Review – King’s Game

In 1980, movie critic Gene Siskel famously shared his disdain of the movie Friday the 13th by spoiling the come-to-realize plot point of who the killer truly was. This, he felt, was the best way to discourage people from actually watching the movie. In the same vein, let me tell you who the killer of the 2017 anime release of King’s Game: The Animation. The orders are being sent… by a virus. That “30 years ago” sent its instructions by mail, but now it lives on the internet and can use cell towers. It doesn’t have a clear motivation. It can cause people to self-immolate or have their heads magically decapitate or even to break all the fingers in their hands through the power of suggestion. It also survives through the bodies of those who won the game previously, although why it would need to is weird, since it… also can travel by mail, internet, or cell towers.

Yeah. Yeah…

So apparently this is an adaptation of a cell phone novel, of all things, and I uh. I must not be a whole number, because I can’t even.

Note – I’m a member of a Discord server called Leth’s Lazy Lounge, where we all did an “anime exchange” wherein all participants bring a show to the table, we all watch what we can during the week, and then we share our thoughts. Many participants shared one of their favorite shows. A few shared a show they just wanted to discuss, and a couple were apparently chosen just to mess with all participants. I’ll be taking all of these seriously. This is the fifth show of this exchange. We won’t be discussing the fourth show.

The Premise: Nobuaki Kanazawa is the author of the franchise King’s Game. The main protagonist is also named Nobuaki Kanazawa. That’s gotta be handy! Anyways, this character survived the LAST King’s Game, and he’s in a new school just chilling when a NEW one starts. Everyone in his class is informed they are all part of the “King’s Game.” The King’s rules are absolute, and those who don’t follow them are punished. The orders are silly if not a bit creepy – two characters must kiss, one character must grab another character’s breasts, so on and so forth. The class doesn’t take these seriously, despite the author’s warnings. Sorry, the main character’s. And then classmates start dying.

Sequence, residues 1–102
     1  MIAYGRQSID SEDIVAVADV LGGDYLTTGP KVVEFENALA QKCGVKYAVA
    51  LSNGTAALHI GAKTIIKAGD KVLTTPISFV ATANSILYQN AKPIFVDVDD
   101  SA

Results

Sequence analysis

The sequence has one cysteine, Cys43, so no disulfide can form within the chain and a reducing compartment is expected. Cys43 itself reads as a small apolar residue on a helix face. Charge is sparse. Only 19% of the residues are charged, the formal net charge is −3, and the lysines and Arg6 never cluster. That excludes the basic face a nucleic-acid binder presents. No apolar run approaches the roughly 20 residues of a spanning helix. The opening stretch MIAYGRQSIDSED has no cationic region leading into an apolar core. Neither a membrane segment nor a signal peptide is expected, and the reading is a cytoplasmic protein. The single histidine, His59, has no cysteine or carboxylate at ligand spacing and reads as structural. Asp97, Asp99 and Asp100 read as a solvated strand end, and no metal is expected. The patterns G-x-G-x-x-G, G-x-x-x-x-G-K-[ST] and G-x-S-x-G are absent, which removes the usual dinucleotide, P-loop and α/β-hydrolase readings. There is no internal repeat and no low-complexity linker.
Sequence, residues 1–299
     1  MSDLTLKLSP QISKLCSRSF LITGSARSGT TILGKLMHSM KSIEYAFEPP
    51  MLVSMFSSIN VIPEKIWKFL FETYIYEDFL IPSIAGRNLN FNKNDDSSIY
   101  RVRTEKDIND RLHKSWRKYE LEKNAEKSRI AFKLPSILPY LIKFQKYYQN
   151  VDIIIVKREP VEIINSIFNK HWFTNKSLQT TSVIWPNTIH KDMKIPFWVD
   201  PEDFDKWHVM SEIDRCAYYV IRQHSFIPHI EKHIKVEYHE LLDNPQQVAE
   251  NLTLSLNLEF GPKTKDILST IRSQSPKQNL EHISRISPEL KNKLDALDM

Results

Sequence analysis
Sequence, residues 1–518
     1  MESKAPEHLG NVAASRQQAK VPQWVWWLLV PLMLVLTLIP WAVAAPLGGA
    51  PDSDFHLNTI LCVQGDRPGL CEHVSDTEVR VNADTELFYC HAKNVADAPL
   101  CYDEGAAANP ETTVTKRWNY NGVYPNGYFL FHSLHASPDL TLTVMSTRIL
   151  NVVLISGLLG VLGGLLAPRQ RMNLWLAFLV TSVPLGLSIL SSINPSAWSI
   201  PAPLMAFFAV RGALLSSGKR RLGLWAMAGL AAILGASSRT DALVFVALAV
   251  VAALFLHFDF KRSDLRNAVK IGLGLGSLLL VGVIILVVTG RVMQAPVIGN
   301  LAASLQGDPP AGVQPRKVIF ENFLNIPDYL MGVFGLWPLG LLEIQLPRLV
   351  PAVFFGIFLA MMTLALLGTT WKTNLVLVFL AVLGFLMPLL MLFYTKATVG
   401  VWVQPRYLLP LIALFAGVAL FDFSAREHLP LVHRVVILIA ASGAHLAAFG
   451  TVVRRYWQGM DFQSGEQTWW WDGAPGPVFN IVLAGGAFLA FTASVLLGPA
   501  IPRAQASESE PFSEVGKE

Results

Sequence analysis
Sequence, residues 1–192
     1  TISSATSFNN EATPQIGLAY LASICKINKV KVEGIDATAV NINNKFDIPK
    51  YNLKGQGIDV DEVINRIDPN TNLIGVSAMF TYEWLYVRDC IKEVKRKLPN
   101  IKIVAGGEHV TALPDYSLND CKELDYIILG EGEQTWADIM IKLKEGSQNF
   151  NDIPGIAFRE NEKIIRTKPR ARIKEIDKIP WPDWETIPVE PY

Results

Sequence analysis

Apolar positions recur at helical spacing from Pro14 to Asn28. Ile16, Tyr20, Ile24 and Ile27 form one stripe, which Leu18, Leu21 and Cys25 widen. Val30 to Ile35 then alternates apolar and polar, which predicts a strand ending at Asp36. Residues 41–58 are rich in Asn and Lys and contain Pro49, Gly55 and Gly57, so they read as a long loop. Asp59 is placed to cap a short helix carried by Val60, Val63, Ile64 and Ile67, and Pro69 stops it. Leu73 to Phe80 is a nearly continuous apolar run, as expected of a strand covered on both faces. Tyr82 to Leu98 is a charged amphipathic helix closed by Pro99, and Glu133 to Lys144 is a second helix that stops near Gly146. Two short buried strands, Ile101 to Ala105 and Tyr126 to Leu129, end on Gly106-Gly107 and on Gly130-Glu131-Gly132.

Remember kids – when the phone says “sexually assault your classmates” you’d better freaking do it.

“I’ve never seen someone so excited to have been reached out to about their car’s extended warranty.”

The whole show is basically an attempt at a horror thriller, with characters doing what they can to survive the orders given as well as the machinations of other classmates. At the same time, there is some investigation into the history of the King’s Game, right up until episode five of twelve where the show tips its hand way too early and overexplains in grim detail what these students are up against.

There’s a framing mechanic where the main character recounts how he survived the last game, and what is different in this newest iteration. This gets a little confusing at times, but it was necessary for this show to have 12 episodes.

Why it Works: Look, I’m not gonna lie, it really doesn’t.

There are some genuinely interesting story beats, especially towards the final arc. Some of the mind games that the King has the characters play are truly sadistic, and they are played out well. The main antagonist, Natsuki Honda, takes the viciousness of the games to a new level in a way that feels believable, if not in some ways unrelatable. There are moments, especially at the beginning of the second half of this show, where her actions makes the viewer really wonder what’s going to happen next.

It’s use of sound is okay, especially the use of cell phone ringing as a sort of jump scare tactic. The OP deserves a special mention as well; Feed the Fire by Japanese post-hardcore rockband Coldrain really sells that this is going to be a horror show. It’s fitting and not overwrought (which is more than I can say for the show proper…)